CeeLo had been accused of sexual battery in 2012 by a woman. The Los Angeles Police Department investigated the allegations and after a yearlong investigation, the Los Angeles District Attorney’s Office determined there was insufficient evidence to prosecute him on the allegations. However stemming from the investigation, CeeLo pleaded guilty to a felony charge of furnishing a controlled substance. He received three years’ probation and community service.
That should have been the end of the story. Yet it wasn’t and a Twitter-caused firestorm erupted when CeeLo tweeted several comments about his case, particularly on the subject of rape.
Among his tweets were: “People who have really been raped REMEMBER!!!”; “When someone brakes on a home there is broken glass where is your plausible proof that anyone was raped.”; and “If someone is passed out they’re not even WITH you consciously! so WITH Implies consent,”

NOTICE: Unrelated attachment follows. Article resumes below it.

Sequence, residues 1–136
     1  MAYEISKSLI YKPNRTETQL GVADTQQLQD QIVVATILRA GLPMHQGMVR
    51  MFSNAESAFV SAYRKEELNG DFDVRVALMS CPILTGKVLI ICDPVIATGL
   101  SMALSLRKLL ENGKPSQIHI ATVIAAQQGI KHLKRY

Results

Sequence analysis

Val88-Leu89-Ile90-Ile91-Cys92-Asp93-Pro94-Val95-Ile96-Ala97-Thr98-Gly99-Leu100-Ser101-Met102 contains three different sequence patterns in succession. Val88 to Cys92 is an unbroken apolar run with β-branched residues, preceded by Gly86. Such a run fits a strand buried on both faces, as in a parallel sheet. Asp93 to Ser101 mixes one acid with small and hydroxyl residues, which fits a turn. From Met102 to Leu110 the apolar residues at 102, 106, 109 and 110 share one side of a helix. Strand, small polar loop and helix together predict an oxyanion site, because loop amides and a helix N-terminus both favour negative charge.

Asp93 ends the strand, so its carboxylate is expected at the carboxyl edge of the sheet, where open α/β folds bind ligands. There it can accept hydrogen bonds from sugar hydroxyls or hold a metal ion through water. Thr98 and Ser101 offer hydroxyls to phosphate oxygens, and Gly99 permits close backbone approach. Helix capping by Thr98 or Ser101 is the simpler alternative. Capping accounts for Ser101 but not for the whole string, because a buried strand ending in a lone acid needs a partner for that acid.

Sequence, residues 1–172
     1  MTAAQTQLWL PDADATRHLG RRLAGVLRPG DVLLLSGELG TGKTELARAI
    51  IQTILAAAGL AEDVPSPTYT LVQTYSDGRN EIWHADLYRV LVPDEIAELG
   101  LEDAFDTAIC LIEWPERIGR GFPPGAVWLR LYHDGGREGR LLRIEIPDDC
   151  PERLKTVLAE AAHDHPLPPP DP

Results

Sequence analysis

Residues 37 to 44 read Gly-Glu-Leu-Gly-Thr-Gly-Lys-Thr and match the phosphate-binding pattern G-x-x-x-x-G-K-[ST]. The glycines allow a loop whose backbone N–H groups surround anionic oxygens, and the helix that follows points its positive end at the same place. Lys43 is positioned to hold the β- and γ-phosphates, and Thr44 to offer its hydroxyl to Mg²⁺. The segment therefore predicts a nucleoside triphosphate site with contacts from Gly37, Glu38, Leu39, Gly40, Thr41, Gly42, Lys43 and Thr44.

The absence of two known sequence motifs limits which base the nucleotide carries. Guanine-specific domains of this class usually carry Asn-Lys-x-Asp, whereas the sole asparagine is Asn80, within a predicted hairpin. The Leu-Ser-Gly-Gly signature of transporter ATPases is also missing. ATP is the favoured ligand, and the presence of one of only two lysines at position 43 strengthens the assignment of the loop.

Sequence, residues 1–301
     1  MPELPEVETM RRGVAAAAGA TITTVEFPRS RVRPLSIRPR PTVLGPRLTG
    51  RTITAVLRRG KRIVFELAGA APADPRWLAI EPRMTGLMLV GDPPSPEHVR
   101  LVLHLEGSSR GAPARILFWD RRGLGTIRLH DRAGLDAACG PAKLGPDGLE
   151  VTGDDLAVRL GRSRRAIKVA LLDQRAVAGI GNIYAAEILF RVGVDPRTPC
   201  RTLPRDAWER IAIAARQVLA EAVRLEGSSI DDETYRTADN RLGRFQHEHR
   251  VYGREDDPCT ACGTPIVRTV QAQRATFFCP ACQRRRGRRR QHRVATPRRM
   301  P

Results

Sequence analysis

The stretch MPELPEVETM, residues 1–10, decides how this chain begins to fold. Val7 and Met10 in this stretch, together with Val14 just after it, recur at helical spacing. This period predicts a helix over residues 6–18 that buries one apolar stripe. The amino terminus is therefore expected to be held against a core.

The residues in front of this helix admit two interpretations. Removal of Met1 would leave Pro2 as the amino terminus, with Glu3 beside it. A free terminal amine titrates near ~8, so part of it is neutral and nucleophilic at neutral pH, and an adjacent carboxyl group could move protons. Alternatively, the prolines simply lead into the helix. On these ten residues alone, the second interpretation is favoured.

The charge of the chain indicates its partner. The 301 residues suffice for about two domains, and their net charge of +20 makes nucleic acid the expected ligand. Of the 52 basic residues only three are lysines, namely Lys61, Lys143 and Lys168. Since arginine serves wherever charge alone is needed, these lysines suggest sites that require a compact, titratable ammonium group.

There was immediate and justified outrage to his reprehensible tweets from fans and in both traditional and social media. TBS that had aired his reality television show announced that they were cancelling “The Good Life”. Green issued an apology and deleted his Twitter account.
Yet much damage has been done to his reputation. Can he recover? Perhaps.
From a crisis communications standpoint there several things that need to be done (and it must be done sincerely).
- Issue a new strong and forceful apology, taking full responsibility for his tweets, apologizing to everyone he offended, particularly rape victims, and acknowledging the enormity of rape and its impact.
- Sit down for a hard-hitting interview discussing what he did, why he tweeted what he did, apologizing sincerely, and discussing how this can be used as a learning experience.
- Step back and go silent.
- Take sensitivity training.
- Become involved without publicizing it with rape help organizations such as RAINN.
- After a period of six months or so emerge from a media blackout.
- Let others tell of how he has changed and helped spread the message.
Will this strategy entirely rehabilitate Ceelo’s image? No but it will help him to survive if done sincerely. This is also a cautionary tale of the power of social media that once you post something, it can never be entirely deleted and a social media firestorm will lead to a traditional media disaster.